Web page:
calling
>CICS maybe overall a slight decrease in total system CPU used.
>
>Myron
>
>--- Edward Kosek <[login to unmask email]> wrote:
>
>> We are a DB2 V7 on Z/OS shop using Websphere/JDBC for our Web
>> applications.
>> JAVA programs that update the database do so by calling a CICS program
>> which does the actual update.
>> Calling a CICS program gives us the 2-phase commit and addresses
>> recoverability issues.
>> We are now looking at the probability of having JAVA programs directly
>> update the database(eliminate CICS program calls).
>> Stored procedures and SQLJ are being considered but it appears JDBC is
the
>> preferred method of our developers.
>> It is ingrained in us that static SQL is better than dynamic. Static
SQL
>> performs better and security is better controlled.
>> We are concerned about moving in the direction of JDBC updates and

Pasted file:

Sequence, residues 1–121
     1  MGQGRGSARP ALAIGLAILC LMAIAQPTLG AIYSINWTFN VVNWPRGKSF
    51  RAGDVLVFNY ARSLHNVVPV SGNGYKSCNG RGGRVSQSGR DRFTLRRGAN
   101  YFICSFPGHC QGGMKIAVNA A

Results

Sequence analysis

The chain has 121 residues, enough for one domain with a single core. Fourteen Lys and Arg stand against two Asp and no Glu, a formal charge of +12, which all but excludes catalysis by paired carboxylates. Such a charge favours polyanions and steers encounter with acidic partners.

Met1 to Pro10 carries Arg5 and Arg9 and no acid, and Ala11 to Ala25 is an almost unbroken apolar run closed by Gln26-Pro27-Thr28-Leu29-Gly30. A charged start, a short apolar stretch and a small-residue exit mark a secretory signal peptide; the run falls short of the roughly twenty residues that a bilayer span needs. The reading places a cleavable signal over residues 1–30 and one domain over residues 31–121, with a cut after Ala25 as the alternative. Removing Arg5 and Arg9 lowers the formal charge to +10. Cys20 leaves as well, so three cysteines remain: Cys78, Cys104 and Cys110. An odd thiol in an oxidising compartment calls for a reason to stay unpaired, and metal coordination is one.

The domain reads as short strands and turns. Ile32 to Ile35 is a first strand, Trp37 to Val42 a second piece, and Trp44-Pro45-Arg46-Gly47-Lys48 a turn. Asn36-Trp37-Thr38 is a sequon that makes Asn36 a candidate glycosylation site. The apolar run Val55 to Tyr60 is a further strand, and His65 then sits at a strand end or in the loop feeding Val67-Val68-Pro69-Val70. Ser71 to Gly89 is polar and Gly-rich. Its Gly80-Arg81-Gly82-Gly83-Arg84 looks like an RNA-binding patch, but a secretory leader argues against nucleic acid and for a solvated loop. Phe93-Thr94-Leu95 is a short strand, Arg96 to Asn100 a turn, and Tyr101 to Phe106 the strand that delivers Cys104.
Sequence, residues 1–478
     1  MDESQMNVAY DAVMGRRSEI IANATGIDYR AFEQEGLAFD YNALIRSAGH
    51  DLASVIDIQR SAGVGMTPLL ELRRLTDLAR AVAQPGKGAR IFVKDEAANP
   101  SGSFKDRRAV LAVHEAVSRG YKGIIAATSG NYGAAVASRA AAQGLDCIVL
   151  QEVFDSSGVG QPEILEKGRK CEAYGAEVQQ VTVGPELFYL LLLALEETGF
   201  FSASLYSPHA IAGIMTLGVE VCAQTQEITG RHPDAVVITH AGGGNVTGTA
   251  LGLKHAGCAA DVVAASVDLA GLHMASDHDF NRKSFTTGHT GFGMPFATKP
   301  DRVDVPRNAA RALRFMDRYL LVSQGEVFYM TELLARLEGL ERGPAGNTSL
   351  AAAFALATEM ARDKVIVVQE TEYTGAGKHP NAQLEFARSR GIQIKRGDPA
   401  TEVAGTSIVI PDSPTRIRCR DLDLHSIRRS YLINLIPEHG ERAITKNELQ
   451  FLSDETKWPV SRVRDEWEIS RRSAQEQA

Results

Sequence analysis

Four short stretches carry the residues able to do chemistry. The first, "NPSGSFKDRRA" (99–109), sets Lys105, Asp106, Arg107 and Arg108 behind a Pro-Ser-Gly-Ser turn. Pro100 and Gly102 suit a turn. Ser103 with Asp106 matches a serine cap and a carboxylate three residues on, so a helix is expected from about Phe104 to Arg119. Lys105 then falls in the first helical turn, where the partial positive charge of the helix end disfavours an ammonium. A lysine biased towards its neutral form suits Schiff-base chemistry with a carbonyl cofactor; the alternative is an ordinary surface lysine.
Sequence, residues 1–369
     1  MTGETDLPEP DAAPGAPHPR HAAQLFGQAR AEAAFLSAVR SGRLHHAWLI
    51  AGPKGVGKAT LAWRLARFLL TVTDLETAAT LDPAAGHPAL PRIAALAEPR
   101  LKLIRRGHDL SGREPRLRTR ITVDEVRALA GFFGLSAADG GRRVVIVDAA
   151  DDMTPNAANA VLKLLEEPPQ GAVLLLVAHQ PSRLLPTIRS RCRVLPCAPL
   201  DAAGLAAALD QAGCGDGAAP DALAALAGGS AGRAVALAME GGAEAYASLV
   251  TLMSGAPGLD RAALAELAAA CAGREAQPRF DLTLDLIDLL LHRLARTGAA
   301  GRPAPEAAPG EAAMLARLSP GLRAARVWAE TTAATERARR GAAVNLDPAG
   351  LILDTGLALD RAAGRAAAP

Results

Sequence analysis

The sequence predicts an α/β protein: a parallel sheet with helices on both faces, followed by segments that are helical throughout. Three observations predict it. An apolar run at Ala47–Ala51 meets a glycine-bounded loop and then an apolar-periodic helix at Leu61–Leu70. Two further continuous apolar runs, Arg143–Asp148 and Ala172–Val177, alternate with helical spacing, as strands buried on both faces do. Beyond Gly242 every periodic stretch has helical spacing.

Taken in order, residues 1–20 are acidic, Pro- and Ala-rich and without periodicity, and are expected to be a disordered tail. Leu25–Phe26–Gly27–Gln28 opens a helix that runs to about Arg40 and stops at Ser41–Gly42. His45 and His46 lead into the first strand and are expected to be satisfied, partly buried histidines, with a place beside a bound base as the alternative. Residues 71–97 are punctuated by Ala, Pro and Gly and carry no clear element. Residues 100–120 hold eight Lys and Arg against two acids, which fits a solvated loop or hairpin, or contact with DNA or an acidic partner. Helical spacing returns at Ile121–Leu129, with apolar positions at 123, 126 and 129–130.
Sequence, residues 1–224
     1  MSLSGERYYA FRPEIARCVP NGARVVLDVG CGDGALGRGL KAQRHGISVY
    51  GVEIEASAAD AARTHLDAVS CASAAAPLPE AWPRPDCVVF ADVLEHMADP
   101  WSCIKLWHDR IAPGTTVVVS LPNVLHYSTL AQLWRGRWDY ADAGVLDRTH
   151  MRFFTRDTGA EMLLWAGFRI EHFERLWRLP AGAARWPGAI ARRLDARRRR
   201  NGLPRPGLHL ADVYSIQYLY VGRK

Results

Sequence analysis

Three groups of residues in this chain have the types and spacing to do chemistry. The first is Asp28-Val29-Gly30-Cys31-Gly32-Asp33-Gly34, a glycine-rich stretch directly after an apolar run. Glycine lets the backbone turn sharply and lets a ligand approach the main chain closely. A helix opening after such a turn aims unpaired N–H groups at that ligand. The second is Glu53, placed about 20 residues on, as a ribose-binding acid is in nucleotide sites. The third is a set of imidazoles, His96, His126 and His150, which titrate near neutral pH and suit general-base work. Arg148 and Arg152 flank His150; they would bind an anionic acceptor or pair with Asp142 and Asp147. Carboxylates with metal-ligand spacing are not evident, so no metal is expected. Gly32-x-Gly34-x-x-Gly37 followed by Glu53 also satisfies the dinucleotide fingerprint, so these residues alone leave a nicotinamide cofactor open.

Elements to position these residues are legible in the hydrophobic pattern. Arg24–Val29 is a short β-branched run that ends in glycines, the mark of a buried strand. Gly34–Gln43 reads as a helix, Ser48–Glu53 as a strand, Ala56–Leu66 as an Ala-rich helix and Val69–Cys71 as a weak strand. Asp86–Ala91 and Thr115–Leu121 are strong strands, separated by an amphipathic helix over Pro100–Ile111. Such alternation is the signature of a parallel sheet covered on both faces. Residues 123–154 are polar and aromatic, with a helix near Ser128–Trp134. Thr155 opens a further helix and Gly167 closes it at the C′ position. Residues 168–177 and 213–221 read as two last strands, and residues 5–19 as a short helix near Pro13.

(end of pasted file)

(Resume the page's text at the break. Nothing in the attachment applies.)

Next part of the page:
dynamic
>> SQL. Am I living in the past?
>>
>>
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Bart Mertens

Re: JDBC updates to DB2
(in response to Edward Kosek)
Edward,

If you are going to use dynamic sql then the userID associated with the
WebSphere-datasource needs full CRUD.

You might want to consider setting DataSource and Connection properties
in jdbc. These properties can be used for auditing and
troubleshooting/monitoring purposes. Also WLM can pickup these values
and assign service classes.

Some info:
redbook <Distributed Function of DB2
for z/OS and OS390> SG24-6952-00. Chapter 3.4 "Defining
classification rules" .
http://publib-b.boulder.ibm.com/abstracts/sg246952.html?Open


DB2 for zOS and WebSphere The Perfect Couple.pdf Publication nr:
SG24-6319-00

http://www-128.ibm.com/developerworks/db2/library/techarticle/0212shayer
/0212shayer.html


http://publib.boulder.ibm.com/infocenter/db2luw/v8/index.jsp?topic=/com.
ibm.db2.udb.doc/ad/rjvdsprp.htm


Bart

-----Oorspronkelijk bericht-----
Van: DB2 Data Base Discussion List [mailto:[login to unmask email] Namens
Edward Kosek
Verzonden: dinsdag 20 december 2005 15:34
Aan: [login to unmask email]
Onderwerp: Re: [DB2-L] JDBC updates to DB2

Myron, thanks for your input on my question regarding JDBC updates to
DB2.
We will definitely keep it in mind as we move forward.
I was wondering if you have any comments on how to handle DB2 security.